I began having fun again, after that. I had a good run of videos for a little while, but there was still one hitch, one thing I had yet to figure out: What was I doing?


Friday, November 06, 2015

Happy Anniversary Part 4: The YouTube Boom

By the beginning of 2010, I was no longer making videos. I also found that all these podcasts were way too time-consuming. It was one thing to listen to a radio show while I worked. I could work while the music played and tune in when the show came back on. But listening to podcasts meant several hours of listening and getting nothing done. I had been out of school for a year, and was trying to make money designing websites, so I had to drop the podcasts.

After a few months, one day, I decided to reminisce by watching some old videos that I remembered from the old YouTube days. I also checked out some of the YouTubers from the old days who I was familiar with, but had never gotten around to watching. This brought back the desire to be a part of that old YouTube community. That's when I realized: if I wanted to be a part of it, I could choose to BE it, whether YouTube wanted to promote it or not. I made my comeback by joining in with the Hitler Downfall parodies which were popular at the time; the ones where you add your own subtitles over the bunker scene from the movie, "Downfall".

I had always wanted to be more a part of the Vlogging scene, so I began producing more Vlog type videos than I typically had in the past. I refer to this as the beginning of "The Modern Format". This is when I started using my common vlogging location, and began to develop my style of vlogging with jump cuts and overlays.

Although the angle has changed over the years, this is the familiar background of my vlogs, which I started using in 2010.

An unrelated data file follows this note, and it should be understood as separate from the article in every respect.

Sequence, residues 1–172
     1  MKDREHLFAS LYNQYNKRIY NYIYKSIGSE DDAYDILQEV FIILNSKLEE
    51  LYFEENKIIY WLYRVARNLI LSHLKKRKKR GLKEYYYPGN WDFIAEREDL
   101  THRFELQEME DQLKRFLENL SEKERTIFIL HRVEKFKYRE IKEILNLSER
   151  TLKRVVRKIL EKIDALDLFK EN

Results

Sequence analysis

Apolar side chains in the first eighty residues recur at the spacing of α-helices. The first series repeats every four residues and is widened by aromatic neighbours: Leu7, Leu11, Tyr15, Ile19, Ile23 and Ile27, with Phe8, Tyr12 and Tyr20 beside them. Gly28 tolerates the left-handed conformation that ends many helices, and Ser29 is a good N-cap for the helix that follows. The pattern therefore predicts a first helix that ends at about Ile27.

2010 turned out to be the most booming year I'd had on YouTube. I began posting videos once a week, which was considered a lot in those days. This was before the boom of daily Vloggers, or YouTube shows with regular schedules. I became involved and actively participated in the YouTube community like never before, making a lot of new friends and acquaintances, and my subscribers jumped up several hundred, which was the largest amount of growth I had ever had in one year.

One day that Summer, a bunch of videos began popping up from a YouTube gathering called "VidCon". I had always wanted to go to a YouTube gathering. In the beginning of 2007, I had watched videos from the first YouTube gathering, "As One", put together by Corey "Mr. Safety" Williams in San Fransisco, and after that, there were Summer gatherings once a year. I had thought about collaborating with Nalts on a gathering in Portland. But that year, this "VidCon" event turned out to be the big YouTube gathering, and I wanted to be a part of it. So I made a video about having my own VidCon in Portland.